Thinly slice some zucchini and sprinkle with salt. Leave for 30 minutes for the salt to draw out some moisture from the zucchini. Dab off all the moisture and add slices to a roasting dish with olive oil, sherry vinegar, a sprinkle of raw sugar and plenty of cracked black pepper. Roast until zucchini slices are soft. Remove from oven and top with feta and currants while still warm. Eat with bread and salad greens for a light meal, or makes a great side dish for chicken or fish.

Celebrate the staples ❢

Even though the festive season here in Aotearoa is less about cosy meals and more focussed on fresh summer dining, there’s still a magic that comes from the warming smells and flavours of spices at this time of year. These bagels are great toasted and slathered with butter or cream cheese and will freeze well in an airtight container.


One-bowl ginger & kūmara loaf
This recipe is inspired by Will’s mum Sarah’s amazing kūmara and ginger cake. Beat together 4 eggs, 275ml of neutral oil, 1 cup brown sugar and 1⁄4 cup golden syrup. Stir in 3 tablespoons grated fresh ginger, 2 large grated orange kūmara and the zest of 1 orange or lemon. Sift in 2 cups flour, 2 teaspoons baking powder, 1 teaspoon baking soda, 1 tablespoon cinnamon, 1 teaspoon nutmeg and 2 tablespoons ground ginger. Gently mix until just combined, then pour into a large, lined loaf tin and bake at 180°C for 45 minutes to an hour. You may like to split this between two loaf tins depending on size.

Nutmeg & rosemary butter on roasted potatoes or yams
Whizz slightly softened butter with roughly chopped fresh rosemary, lemon zest, ground nutmeg and a sprinkle of sea salt. Scoop onto baking paper or back into the butter wrapper and refrigerate until ready to use. Add to potatoes, kūmara or yams in the final few minutes of cooking.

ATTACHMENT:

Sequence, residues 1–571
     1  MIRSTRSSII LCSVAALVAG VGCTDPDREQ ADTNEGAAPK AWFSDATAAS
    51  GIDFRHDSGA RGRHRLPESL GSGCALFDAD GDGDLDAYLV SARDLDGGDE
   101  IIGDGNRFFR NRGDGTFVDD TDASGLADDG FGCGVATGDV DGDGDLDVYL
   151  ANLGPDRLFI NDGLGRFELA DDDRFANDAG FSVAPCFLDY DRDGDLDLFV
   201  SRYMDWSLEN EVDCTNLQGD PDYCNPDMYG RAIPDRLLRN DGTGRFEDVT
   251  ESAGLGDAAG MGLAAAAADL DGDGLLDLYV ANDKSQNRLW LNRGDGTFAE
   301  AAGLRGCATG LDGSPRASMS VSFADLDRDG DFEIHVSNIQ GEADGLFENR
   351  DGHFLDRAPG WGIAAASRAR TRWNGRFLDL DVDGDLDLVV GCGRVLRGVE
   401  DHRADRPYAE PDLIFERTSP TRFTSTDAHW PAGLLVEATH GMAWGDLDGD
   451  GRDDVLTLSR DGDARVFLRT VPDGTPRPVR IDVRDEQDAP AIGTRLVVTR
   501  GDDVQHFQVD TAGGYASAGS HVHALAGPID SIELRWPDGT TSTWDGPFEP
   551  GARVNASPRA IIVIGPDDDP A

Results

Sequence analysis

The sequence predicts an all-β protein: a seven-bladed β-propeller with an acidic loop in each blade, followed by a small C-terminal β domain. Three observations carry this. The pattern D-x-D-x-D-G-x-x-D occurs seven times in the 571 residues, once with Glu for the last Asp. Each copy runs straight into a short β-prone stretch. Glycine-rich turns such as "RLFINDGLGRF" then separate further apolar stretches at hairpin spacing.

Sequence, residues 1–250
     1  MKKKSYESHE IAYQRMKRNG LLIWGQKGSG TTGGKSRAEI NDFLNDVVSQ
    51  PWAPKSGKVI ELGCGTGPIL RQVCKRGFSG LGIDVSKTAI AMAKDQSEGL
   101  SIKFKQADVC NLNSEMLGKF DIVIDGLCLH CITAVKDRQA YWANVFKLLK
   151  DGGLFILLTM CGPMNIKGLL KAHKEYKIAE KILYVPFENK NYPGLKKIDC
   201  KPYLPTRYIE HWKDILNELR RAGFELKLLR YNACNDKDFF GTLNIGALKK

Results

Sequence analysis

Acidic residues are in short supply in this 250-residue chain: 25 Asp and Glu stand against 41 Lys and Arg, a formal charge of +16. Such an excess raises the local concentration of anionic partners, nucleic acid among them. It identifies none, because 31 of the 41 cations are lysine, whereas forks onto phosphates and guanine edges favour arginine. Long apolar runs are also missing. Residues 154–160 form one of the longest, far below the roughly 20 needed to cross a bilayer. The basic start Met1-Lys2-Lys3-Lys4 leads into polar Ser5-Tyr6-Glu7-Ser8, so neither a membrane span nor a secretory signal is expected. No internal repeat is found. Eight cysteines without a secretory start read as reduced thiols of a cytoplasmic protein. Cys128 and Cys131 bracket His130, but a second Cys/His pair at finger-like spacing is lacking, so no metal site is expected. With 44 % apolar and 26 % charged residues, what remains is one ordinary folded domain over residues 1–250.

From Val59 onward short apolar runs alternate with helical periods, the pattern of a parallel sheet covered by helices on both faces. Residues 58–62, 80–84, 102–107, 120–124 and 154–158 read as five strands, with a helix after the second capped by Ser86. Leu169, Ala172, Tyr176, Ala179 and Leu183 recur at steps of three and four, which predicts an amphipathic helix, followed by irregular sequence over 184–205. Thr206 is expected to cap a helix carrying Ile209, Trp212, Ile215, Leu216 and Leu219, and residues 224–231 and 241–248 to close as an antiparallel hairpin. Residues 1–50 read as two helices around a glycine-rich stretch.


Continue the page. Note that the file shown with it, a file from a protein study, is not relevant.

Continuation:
Cinnamon & citrus zest polenta cookies
Place 100g butter, 90g caster sugar, 1 teaspoon cinnamon, 50g polenta, 150g flour and 1 teaspoon baking powder into a food processor and pulse to combine. Add the zest of one small orange or lemon and a teaspoon of vanilla extract if desired. Pulse again until a dough forms. Shape into small balls, press with a fork and bake for 10-12 minutes at 180°C.

Paprika, nutmeg, chilli & maple-roasted almonds
Whisk together maple  syrup, olive oil, ground nutmeg, chilli flakes, chopped rosemary and sea salt. Pour over almonds in a roasting dish and toss to coat. Roast for 10-15 minutes or until nuts are roasted through but not burnt, so keep a close eye on them.

Reinventing the Meal ❢

Somewhere between a trifle, a tiramisu and a little chocolate-studded ricotta cake we ate outside a small bakery in the seaside town of Scopello in Sicily, this dessert is worth the minor fiddle of making different elements to be layered. The cake will last for a few days in a sealed container and the ricotta cream will also keep for a few days if refrigerated so you might like to make those elements in advance.


Roast fruit with sponge crumbs
Roughly chop or crumble any leftover off-cuts from the ricotta & chocolate-chip cake used in the trifle. Mix crumbs with leftover ricotta, mascarpone or a small amount of melted butter and spoon onto halved fruit such as peaches, apricots, pears or apples. Sprinkle with raw sugar and roast until fruit is soft and sticky.

Zabaglione marsala custard
Thanks to Ale – the wonderful chef we lived with whilst working in Piedmont – for sharing this process with us. Use the ratio of 1egg yolk to ½ an egg shell of sugar and ½ a shell of marsala per person and scale as needed. Whisk ingredients together over a double boiler until a light, aerated custard forms. Zabaglione can be served with a light biscuit – something with hazelnuts or almonds is delicious – or sponge finger for dipping.

Place 200g butter, 1 x 395g tin condensed milk, 1 tablespoon ground ginger, 1 teaspoon ground cinnamon and 100g brown sugar in a pot. Gently heat, stirring often, until the butter has melted. Remove from heat and whisk in ¼ cup brandy. Pour into jars.